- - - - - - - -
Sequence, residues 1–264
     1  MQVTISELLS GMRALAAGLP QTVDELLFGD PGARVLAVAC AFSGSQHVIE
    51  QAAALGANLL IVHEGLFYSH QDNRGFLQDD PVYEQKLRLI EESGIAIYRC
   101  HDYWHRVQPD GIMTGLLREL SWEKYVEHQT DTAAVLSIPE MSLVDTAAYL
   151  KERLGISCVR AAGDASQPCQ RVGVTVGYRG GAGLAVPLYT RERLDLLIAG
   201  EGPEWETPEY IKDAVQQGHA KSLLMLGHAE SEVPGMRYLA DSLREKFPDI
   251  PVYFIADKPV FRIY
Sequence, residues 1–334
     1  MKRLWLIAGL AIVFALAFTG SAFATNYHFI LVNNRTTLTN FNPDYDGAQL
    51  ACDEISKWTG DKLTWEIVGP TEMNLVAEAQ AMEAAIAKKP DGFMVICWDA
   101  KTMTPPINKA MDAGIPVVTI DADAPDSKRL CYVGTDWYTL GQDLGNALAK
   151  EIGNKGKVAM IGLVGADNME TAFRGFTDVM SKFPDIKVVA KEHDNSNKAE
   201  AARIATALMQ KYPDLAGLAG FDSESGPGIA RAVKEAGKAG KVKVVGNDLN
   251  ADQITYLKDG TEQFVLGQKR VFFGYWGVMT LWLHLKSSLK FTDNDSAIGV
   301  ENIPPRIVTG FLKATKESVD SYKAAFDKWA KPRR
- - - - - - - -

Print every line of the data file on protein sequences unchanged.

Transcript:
Sequence, residues 1–264
     1  MQVTISELLS GMRALAAGLP QTVDELLFGD PGARVLAVAC AFSGSQHVIE
    51  QAAALGANLL IVHEGLFYSH QDNRGFLQDD PVYEQKLRLI EESGIAIYRC
   101  HDYWHRVQPD GIMTGLLREL SWEKYVEHQT DTAAVLSIPE MSLVDTAAYL
   151  KERLGISCVR AAGDASQPCQ RVGVTVGYRG GAGLAVPLYT RERLDLLIAG
   201  EGPEWETPEY IKDAVQQGHA KSLLMLGHAE SEVPGMRYLA DSLREKFPDI
   251  PVYFIADKPV FRIY
Sequence, residues 1–334
     1  MKRLWLIAGL AIVFALAFTG SAFATNYHFI LVNNRTTLTN FNPDYDGAQL
    51  ACDEISKWTG DKLTWEIVGP TEMNLVAEAQ AMEAAIAKKP DGFMVICWDA
   101  KTMTPPINKA MDAGIPVVTI DADAPDSKRL CYVGTDWYTL GQDLGNALAK
   151  EIGNKGKVAM IGLVGADNME TAFRGFTDVM SKFPDIKVVA KEHDNSNKAE
   201  AARIATALMQ KYPDLAGLAG FDSESGPGIA RAVKEAGKAG KVKVVGNDLN
   251  ADQITYLKDG TEQFVLGQKR VFFGYWGVMT LWLHLKSSLK FTDNDSAIGV
   301  ENIPPRIVTG FLKATKESVD SYKAAFDKWA KPRR